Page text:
She is the daughter of Mahathir Mohammed, the longest-serving former Prime Minister of Malaysia and also at the forefront of activism against what she calls 'Arab colonialism'. Photograph: (Facebook)
The activist spoke to WION about 'Arab colonialism' and what King Salman's visit means for the country and the region as a whole
Saudi Arabia’s King Salman and a 500-member plus entourage visited Malaysia and are now in Indonesia. The Saudis will holiday there and then travel onwards to Brunei, the Maldives, Japan and China. Saudi Arabia is ostensibly seeking and offering investment, among others a Joint Venture with South East Asian oil companies. But is he also there as a public relations act to fortify Wahabi Islam, the rapidly spreading and rigid form as practised in Saudi Arabia.
WION’s Senior International Correspondent Padma Rao Sundarji spoke to Malaysian activist Marina Mahathir. She is the daughter of Mahathir Mohammed, the longest-serving former Prime Minister of Malaysia and also at the forefront of activism against what she calls “Arab colonialism”.
PRS: Ms Mahathir, Saudi Arabia’s King Salman is currently visiting your region with a huge entourage and will remain in Asia for an entire month. You have often warned of ‘’Arab Colonialism” in Malaysia. Does that warning extend to the entire South East Asian region and if so, are your own Islamic scholars doing anything about it?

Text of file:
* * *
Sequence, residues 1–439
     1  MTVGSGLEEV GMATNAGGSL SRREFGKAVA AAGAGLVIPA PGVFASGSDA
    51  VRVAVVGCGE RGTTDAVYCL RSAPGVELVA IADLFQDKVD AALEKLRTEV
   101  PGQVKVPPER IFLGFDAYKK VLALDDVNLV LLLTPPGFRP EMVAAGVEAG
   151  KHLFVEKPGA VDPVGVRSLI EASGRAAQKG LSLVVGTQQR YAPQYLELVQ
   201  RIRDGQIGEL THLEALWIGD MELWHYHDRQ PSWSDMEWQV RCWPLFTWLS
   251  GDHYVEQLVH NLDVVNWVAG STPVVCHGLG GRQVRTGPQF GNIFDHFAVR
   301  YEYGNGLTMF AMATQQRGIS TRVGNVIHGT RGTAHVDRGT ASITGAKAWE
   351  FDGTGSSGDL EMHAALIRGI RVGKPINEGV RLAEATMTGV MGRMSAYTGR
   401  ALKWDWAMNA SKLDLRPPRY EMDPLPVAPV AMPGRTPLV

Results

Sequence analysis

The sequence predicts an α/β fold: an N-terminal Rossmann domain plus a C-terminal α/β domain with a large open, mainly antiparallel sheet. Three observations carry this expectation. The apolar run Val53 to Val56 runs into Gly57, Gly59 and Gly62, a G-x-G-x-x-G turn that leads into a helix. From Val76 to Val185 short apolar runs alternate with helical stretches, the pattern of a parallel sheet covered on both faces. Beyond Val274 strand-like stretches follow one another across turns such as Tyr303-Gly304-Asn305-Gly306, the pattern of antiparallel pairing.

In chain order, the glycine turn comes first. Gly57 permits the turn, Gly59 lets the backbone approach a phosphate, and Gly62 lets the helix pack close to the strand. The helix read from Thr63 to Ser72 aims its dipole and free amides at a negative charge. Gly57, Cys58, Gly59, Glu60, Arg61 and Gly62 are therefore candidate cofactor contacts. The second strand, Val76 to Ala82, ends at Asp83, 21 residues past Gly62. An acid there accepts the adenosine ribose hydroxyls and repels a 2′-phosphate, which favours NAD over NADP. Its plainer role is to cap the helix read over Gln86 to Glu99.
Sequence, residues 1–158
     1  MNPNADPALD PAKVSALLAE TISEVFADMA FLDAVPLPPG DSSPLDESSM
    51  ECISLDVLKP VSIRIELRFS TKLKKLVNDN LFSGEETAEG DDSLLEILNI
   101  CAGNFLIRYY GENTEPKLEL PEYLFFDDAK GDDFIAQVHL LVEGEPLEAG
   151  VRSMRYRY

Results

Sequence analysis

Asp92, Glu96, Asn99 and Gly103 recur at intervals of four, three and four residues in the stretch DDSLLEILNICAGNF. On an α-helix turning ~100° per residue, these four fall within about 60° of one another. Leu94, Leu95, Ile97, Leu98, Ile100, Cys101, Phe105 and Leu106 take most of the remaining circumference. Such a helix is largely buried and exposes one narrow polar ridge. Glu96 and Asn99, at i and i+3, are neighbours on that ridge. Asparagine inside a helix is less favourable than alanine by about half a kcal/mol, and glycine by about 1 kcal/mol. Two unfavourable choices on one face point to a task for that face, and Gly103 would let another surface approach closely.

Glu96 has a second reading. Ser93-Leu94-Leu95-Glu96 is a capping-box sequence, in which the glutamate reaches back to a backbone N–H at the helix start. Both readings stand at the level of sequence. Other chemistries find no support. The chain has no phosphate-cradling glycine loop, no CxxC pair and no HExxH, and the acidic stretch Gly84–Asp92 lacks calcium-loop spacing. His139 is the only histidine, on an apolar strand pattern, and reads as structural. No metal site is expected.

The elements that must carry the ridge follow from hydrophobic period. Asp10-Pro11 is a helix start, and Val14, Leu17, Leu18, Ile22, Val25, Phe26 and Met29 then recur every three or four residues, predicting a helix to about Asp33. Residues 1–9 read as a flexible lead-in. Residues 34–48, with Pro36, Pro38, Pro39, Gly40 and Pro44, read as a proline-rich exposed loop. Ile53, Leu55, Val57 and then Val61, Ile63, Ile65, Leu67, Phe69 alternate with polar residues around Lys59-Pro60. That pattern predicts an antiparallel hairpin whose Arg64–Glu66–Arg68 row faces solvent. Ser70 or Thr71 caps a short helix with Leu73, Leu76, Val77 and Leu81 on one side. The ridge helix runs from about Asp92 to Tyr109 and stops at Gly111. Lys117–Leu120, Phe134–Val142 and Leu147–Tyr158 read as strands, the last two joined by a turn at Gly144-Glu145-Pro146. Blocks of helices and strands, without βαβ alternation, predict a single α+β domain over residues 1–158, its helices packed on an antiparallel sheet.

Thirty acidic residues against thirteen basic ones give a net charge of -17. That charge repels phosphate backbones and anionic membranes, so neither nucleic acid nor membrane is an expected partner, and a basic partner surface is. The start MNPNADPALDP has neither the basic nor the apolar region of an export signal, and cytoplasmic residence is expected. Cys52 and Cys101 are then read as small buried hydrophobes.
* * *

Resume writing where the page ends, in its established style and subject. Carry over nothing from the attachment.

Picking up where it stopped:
Mahathir: They claim to be. But it’s not very effective because they are giving out mixed messages. On the one hand, they talk about how people should not go off to join IS. They are very concerned about potential recruits for IS. But at the same time, they are also extremely conservative and not very tolerant of anything that is not part of the Sunni sect of Islam. Malaysian Muslims have been increasingly taking on Arab forms of dress, even Arab forms of speaking. Most of us do not speak Arabic but to show their Islamic credentials, some people will start a speech in Arabic without translating it, for instance. Additionally, there is almost a rejection of our own local culture. There is a lot of Malay culture that has been banned or downgraded or neglected. I feel very much that we are losing our identity and becoming more and more alien to our culture. And I see that also in other parts of Muslim parts of South Asia but I think it is more obvious here because we are a Muslim majority country but much smaller.
PRS: Does this “Arab colonialism” target women in particular? Have there been sudden, new diktats on how to dress, how to and what to speak?